Sunday, June 29, 2008

Canceled Shows

Gerald So recently posted a column on Mysterical-E about prematurely canceled TV shows. Included are a couple shows I still pine over (Karen Sisco, Raines), a couple shows I enjoyed but wasn't broken up about their cancellation (Andy Barker, Eyes) and a couple that everyone enjoyed but I never watched (Firefly). No list of my canceled shows would be complete without Brimstone (as mentioned elsewhere on this blog) and Boomtown.

Luckily, the first season of Boomtown was released on DVD shortly after its demise. For those unfamiliar with the show, each week's crime was told from multiple perspectives. We got those of the victims and the criminals as well as two LAPD detectives, two uniformed officers, a paramedic, a reporter, and a district attorney. With strong scripts and top-notch acting, it won a Peabody Award, but never caught on with the viewers. There are two episodes that should have won Best Actor Emmys (Neal McDonough in "Blackout" and Donnie Wahlberg in "Lost Child").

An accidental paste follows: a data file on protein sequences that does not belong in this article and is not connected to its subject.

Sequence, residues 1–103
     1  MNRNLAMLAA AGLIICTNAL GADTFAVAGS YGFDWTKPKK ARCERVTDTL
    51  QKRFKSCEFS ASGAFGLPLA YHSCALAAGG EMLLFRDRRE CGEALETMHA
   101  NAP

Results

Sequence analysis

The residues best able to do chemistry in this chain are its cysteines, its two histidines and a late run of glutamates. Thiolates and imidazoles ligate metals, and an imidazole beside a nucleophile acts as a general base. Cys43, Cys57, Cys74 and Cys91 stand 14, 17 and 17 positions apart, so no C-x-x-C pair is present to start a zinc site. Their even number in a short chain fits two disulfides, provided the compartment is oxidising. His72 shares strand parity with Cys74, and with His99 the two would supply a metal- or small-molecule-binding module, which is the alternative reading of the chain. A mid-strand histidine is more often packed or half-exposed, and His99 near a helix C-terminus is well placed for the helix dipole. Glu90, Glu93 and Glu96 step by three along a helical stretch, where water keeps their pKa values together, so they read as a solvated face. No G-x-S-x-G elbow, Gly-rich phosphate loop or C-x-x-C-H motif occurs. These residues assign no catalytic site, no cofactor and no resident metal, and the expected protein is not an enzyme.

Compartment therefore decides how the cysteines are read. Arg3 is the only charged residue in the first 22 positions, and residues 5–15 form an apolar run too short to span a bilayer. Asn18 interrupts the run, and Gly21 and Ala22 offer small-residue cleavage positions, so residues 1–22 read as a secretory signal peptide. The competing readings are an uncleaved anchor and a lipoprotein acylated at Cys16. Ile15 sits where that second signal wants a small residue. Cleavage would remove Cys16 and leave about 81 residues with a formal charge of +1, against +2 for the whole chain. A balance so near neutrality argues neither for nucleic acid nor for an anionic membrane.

In "Blackout", David McNorris (McDonough) goes on a bender after breaking up with both his wife and his mistress in the same night. He wakes up the next morning with a blood stain and a huge dent in his car, but is unable to remember anything that happened. The detectives start to investigate a hit-and-run in the area where McNorris was. McDonough starts of the episode in the normal brash, confident manner he played McNorris in the entire season. But as the episode progressed, you could see toll that the thought of possibly killing a man eat away at McNorris until he finally decides to get a grip on his alcoholism and get help.

"Lost Child" features Detective Joel Stevens (Wahlberg) under investigation by Internal Affairs after one of the files from his infant daughter's death turns up missing. Joel finds himself finally confronting his wife's suicide attempt (referenced earlier in the season) and the death of their newborn daughter. Again, Wahlberg does a great job capturing all the emotions that one would expect of someone who lost a child at such a young age.

Like I mentioned, season one of Boomtown is available on DVD, so I recommend that you seek out a copy and give it a look.

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